“because nowadays . . . neighbours are not like neighbours back in the day, you see? . . . My mother gave birth to five children at home, and then the women living in the same building took turns to help her; today, neighbours would only do something if a rotten body was smelt from the corridor”. Later, responding to a user who said telecare on the street would be useless “because you can always get help from someone passing by”, he insisted that “in the street you won’t get help from anybody! I fell down in the train station; in front of me there were a group of 8 or 10 people, and nobody came to help. I couldn’t get up, but there were two guys from Pakistan who helped me to get up; see what we have become?”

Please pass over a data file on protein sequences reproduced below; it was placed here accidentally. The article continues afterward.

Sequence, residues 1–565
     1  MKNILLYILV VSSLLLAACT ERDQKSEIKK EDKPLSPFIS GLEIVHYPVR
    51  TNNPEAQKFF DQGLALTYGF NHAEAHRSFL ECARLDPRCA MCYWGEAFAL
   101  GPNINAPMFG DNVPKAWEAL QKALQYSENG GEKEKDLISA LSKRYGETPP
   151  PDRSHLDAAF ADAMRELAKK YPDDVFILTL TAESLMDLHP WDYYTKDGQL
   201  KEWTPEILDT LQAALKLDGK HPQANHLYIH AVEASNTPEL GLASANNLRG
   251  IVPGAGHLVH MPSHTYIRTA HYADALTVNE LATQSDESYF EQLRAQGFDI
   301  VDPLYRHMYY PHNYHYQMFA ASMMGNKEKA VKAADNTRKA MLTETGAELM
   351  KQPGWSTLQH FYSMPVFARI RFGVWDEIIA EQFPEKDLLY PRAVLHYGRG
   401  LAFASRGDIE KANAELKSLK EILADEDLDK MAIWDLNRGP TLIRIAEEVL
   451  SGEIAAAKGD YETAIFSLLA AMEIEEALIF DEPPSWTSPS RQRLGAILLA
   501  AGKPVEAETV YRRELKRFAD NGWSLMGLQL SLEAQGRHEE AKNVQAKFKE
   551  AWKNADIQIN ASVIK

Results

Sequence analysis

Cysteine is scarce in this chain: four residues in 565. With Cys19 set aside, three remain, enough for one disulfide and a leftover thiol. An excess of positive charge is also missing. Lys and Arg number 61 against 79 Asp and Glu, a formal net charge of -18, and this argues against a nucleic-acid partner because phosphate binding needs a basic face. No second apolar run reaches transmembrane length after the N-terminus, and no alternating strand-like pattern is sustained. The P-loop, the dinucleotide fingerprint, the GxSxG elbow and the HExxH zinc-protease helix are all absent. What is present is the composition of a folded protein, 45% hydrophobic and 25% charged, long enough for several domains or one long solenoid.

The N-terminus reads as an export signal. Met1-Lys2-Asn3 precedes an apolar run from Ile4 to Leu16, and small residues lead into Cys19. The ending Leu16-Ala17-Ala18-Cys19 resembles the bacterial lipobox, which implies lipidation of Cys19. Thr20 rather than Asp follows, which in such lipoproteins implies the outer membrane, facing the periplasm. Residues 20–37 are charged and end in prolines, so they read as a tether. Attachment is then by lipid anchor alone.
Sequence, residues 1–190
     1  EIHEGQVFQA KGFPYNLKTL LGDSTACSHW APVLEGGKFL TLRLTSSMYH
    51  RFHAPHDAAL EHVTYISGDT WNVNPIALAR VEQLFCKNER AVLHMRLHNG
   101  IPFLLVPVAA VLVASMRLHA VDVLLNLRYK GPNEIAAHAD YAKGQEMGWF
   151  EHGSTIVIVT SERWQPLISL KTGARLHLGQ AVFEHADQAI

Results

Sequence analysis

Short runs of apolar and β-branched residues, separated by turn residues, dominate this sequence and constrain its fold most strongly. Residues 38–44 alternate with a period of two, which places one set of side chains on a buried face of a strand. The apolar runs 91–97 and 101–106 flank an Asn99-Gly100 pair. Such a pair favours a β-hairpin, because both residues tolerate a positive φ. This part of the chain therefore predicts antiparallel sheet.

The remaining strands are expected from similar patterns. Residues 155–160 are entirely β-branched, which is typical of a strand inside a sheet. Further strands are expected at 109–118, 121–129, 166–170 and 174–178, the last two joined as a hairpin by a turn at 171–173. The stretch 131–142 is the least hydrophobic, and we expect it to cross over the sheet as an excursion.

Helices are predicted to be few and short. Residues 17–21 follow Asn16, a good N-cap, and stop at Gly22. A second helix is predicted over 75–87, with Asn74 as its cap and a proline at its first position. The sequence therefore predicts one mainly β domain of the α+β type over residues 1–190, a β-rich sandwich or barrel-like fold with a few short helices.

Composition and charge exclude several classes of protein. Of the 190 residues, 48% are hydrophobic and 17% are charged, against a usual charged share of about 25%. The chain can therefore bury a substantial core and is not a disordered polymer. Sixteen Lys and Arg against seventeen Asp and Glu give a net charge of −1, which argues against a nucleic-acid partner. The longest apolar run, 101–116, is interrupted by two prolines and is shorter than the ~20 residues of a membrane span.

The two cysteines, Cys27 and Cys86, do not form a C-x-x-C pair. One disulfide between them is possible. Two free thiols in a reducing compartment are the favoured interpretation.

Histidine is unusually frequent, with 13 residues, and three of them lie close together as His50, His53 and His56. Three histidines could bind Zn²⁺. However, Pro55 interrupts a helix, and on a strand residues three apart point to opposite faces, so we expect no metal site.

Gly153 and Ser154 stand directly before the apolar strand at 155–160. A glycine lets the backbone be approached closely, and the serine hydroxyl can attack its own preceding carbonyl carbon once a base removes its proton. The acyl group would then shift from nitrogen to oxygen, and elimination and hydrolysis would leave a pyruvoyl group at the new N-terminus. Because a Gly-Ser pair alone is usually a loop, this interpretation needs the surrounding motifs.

The discussion continued in this vein for some time, with the moderator struggling to interrupt their long digressions (“excuse me, excuse me”) and trying to redirect the conversation (“ok, but this is not relevant for what we are interested in here right? Do you want to say something about telecare?”). When the moderator finally brought the conversation back on topic, the conversation unfolded with several compliments about telecare services and about the work of volunteers and call centre operators. Similar themes were evident as participants recounted their personal experiences. A woman living in a residential care facility stated her appreciation for the service. But she then added that the pendant’s button was “way too sensitive” and constantly triggered the alarm without her knowledge. Because of this she did not wear the pendant very often. This opened a conversation in which many of those present confessed, in a mix of shame and laughter, to not always wearing the pendant as the service instructed them to. Shaking her head in disapproval, one of the oldest telecare users, a woman in her 90s who lived alone and appeared to have no social network, proudly presented herself as devotedly complying to the terms of the service: “They are my guardian angels, with the button I feel protected. If anything happens, I press the button, I wear the button at home day and night.” She explained how gratifying it was that the call centre operators called her without her having asked for help, knew her name and had even called on her birthday; she could also have a chat with someone when she felt a bit anxious due to her arrhythmias and asthma. However, like the previous user, this woman also went on to make complaints: the new telecare supplier did not include volunteer visits and “in one of my asthma episodes, the call had to pass from the teleoperator, to the nurse, then the doctor, then the ambulance, and it took a long time, and I was having an asthma attack. Very bad!”